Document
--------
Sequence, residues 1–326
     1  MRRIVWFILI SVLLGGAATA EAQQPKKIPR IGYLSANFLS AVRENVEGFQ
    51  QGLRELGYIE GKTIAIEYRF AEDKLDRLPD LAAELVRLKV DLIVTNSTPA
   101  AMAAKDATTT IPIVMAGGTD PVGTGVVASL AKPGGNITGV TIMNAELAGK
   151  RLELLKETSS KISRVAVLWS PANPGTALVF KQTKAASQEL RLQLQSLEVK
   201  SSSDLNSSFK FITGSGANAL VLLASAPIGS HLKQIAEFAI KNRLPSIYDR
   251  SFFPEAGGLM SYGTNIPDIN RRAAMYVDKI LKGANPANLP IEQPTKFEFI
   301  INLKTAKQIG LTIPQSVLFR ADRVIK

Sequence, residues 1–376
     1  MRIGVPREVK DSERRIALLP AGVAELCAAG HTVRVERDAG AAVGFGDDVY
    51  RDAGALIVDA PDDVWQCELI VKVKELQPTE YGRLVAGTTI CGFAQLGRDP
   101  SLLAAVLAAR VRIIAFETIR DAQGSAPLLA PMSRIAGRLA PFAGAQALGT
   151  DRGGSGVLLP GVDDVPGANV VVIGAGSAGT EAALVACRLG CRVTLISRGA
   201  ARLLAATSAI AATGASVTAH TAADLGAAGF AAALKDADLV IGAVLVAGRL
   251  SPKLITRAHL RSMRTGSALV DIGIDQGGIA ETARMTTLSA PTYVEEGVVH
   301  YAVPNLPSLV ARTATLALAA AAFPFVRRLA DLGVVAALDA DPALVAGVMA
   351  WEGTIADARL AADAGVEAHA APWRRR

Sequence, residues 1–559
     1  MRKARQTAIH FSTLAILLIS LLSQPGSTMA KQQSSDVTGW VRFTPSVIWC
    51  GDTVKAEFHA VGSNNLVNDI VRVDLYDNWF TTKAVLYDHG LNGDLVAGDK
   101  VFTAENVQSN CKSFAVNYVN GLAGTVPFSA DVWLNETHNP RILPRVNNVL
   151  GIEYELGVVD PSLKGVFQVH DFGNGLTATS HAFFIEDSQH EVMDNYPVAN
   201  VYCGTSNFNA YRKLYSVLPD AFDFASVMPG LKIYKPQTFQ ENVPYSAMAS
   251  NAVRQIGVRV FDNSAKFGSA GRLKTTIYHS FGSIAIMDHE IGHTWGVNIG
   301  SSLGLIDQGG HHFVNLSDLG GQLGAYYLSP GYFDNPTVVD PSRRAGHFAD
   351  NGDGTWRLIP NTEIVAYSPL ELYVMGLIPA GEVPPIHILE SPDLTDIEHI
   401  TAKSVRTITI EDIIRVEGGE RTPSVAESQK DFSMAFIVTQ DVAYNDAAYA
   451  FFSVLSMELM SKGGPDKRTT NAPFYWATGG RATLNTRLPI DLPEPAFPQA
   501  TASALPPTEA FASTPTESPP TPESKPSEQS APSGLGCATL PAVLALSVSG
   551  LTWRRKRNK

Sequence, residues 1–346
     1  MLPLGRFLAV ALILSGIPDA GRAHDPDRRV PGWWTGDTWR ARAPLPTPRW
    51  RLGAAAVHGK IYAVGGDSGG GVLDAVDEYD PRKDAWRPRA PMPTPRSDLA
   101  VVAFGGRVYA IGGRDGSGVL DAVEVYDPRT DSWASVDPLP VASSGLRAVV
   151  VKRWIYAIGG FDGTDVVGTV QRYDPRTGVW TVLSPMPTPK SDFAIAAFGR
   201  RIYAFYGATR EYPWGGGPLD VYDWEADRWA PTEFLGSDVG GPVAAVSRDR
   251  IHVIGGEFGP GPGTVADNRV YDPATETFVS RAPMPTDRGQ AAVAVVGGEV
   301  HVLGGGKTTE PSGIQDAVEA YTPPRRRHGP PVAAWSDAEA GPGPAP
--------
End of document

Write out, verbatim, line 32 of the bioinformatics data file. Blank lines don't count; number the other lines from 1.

     1  MLPLGRFLAV ALILSGIPDA GRAHDPDRRV PGWWTGDTWR ARAPLPTPRW